During the third season of Mad Men Feministing writers will offer some of our thoughts on feminist moments, scenes, and themes in the new episodes in order to start a discussion about these topics in our community. *WARNING: Lots of spoilers follow.
Carla and the Drapers’ church habits.
As someone who grew up in a religious community I identified with processing difference through performance of faith. One of the first ways I became aware of race was through differing religious rituals. In this episode we see Sally starting to engage with racial difference, possibly as a result of Miss Farrell’s class. -Jos
Don and Suzanne Farrell.
This feels much more relationship-y to me than Don’s previous affairs. I think this is partly because the power dynamic is unlike anything we’ve seen with Don before: Don and Suzanne appear to be relative equals in their interactions. I was consistently surprised by the ways Don reacted to Suzanne, going along with her words and actions when the expectation based on his past actions is that he will push away. -Jos
Don: “There is a blue that at least forty five percent of the population sees as the same.”
That ish was deep. I don’t even have anything more to say about that. -Lori
Don: “Every time i hear ‘and then’ there’s another chance for the ladies at home to misunderstand.”
Just in case we forgot: Don thinks the women he sells to are idiots. -Jos
This seems to be Don’s logic towards most people, which is another reason why he doesn’t tell Betty much about his past- he doesn’t think she can really “get him”. -Lori
Kinsey accuses Peggy of being favored because of her gender.
I found this moment so telling; Kinsey can’t grasp the idea that maybe Peggy simply has some great ideas – it just has to be because she “wears a skirt.” Though I did love Kinsey’s awe of Peggy towards the end of the episode when she – yet again! – comes up with some genius copy. -Jessica
Danny, Suzanne’s brother.
Part of why I like Mad Men so much is that, while the show uses its time period to explore prejudice, this can serve as a reminder that discrimination has not gone away (and yes, this is absolutely about audience reaction. I like this show partly because we’re not told exactly what to think and there’s room to engage with topics and issues). People with epilepsy still experience extremely high rates of unemployment. While this was shown in a 1960s context, the reality has not gotten much better. -Jos
Suzanne Farrell: “People are ignorant. They’re scared of things they don’t understand.”
I’m actually tiring a bit of Suzanne as a symbol for the changing times…she’s too hippie dippie perfect in a way that makes her almost not-human. So far I’m seeing her as representative of the time period and of changes Don is going through – but not as a person herself. -Jessica
Kinsey turns up the music and unbuttons his pants.
Okay, am I the only perv that thought he was about to jerk off? -Jessica
I’m pretty sure that’s exactly what was happening. -Jos
“Feeling around” for inspiration, perhaps? No? Too much? -Lori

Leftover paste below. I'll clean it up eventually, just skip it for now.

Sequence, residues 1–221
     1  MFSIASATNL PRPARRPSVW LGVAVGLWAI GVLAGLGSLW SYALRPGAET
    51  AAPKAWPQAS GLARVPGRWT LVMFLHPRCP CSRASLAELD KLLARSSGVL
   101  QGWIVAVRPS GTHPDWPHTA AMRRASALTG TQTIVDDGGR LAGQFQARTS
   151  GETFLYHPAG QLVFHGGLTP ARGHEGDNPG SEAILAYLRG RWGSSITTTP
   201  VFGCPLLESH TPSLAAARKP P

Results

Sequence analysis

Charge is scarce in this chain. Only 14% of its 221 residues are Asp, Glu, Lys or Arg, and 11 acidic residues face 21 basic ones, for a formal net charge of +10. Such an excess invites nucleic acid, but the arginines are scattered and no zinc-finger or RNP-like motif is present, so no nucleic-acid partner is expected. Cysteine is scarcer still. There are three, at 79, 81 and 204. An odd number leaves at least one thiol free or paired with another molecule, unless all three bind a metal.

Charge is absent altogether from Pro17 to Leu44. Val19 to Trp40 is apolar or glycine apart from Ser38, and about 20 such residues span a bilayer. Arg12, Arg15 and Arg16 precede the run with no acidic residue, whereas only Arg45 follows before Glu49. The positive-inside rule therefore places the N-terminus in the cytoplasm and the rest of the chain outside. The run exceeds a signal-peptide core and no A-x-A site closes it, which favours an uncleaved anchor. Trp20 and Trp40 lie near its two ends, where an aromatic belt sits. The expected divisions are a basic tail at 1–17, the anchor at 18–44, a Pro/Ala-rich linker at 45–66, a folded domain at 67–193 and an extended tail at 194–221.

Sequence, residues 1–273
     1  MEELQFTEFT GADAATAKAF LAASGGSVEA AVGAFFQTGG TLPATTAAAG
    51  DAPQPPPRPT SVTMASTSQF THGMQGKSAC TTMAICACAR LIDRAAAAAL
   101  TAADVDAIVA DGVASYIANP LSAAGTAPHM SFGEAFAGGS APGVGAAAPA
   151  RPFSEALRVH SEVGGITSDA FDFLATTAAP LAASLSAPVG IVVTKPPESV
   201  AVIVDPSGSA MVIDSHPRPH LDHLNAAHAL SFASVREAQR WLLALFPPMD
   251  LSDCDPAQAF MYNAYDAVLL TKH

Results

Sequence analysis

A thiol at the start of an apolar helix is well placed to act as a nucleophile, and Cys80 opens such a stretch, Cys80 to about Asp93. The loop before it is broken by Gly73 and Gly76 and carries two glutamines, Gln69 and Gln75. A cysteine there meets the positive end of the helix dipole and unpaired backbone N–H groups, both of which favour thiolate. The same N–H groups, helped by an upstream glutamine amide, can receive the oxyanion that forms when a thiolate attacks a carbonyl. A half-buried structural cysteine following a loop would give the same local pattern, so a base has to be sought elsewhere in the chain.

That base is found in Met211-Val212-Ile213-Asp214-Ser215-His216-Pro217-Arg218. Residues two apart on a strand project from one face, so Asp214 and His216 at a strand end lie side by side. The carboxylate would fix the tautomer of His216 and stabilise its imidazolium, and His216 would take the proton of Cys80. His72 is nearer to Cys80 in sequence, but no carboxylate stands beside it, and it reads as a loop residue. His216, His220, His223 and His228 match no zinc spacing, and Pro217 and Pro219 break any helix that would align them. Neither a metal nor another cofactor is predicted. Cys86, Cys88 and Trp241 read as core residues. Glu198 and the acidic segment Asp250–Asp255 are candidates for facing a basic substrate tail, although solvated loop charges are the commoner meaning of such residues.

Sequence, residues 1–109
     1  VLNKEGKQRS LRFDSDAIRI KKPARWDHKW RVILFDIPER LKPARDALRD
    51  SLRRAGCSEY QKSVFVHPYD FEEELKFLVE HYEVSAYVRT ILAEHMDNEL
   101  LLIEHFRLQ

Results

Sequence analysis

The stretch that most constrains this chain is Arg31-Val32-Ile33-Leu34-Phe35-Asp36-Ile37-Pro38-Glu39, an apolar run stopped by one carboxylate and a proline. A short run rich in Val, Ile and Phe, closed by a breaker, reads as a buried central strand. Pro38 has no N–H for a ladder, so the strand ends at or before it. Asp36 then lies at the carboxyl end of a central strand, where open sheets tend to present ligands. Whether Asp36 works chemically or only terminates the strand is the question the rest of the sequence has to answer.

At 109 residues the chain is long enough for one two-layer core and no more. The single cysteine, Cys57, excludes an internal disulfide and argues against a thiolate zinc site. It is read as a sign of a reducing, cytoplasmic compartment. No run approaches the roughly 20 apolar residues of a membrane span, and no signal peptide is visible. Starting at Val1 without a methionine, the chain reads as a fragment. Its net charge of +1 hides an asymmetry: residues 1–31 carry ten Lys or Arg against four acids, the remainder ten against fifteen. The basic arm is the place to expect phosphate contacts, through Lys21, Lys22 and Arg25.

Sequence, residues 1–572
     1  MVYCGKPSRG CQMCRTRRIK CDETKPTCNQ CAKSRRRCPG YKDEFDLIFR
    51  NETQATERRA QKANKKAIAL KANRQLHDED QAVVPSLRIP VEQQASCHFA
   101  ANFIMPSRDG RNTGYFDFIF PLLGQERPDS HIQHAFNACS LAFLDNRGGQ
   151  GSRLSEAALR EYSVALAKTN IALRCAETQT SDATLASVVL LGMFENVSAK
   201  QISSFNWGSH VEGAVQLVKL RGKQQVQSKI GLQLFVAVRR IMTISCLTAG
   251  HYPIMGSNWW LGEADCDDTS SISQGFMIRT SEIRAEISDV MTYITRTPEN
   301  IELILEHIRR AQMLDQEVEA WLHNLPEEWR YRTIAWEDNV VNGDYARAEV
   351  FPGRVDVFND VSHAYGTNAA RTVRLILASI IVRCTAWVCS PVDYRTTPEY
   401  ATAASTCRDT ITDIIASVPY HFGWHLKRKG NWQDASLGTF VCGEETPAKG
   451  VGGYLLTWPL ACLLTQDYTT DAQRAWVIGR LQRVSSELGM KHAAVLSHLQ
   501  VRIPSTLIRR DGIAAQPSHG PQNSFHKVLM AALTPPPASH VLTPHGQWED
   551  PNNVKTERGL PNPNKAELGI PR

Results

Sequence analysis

Achilles: “I’m an American citizen.” Kinsey: “Of course.”
Names and nationality – more ways to process difference. the name “Achilles,” besides being full of humorous and symbolic potential, is also distinctly Greek, or distinctly non-WASP. When this is pointed out Achilles feels the need to state his American citizenship as evidence of not being too much of an “other.” -Jos
Betty opens Don’s drawer.
!!! There was a lot of foreshadowing but I totally did not see this coming, it’s just such a huge step. Betty now has most of the pieces of the puzzle, but I doubt she understands how they fit together. She knows for sure, though, that Don has been living a much bigger lie than she ever could have imagined. I have a really hard time imagining this information doesn’t finally end Betty and Don’s marriage. I mean what do you do with that kind of revelation? How do you even begin to try to process? Just as Don is at the top of his world professionally and feels more trapped than he has before the possibility of losing everything becomes very very real. -Jos
I thought the scene with Betty waiting for Don to come home so she can confront him was just heartbreaking; especially when she realizes he isn’t coming and simply resigns herself to bed. I had the same reaction when she tries to tell Don on the phone that she knows, but instead says in a small voice that she doesn’t feel well. Betty is so close to breaking out of herself…I just really want her to start screaming! -Jessica
Don: “I hate when that happens.”
Don can be an incredibly awful person, so it was nice to have a little reminder of his humanity. When it comes to the creative process Don can actually be empathetic! He’s still an ass though. -Jos
Sally: “Their driver is Chinese.”
Again, Sally is starting to engage with race. Her matter-of-fact statement is a reaction to someone who is outside her everyday experience, as she interacts almost exclusively with white people and black people in service industry roles. -Jos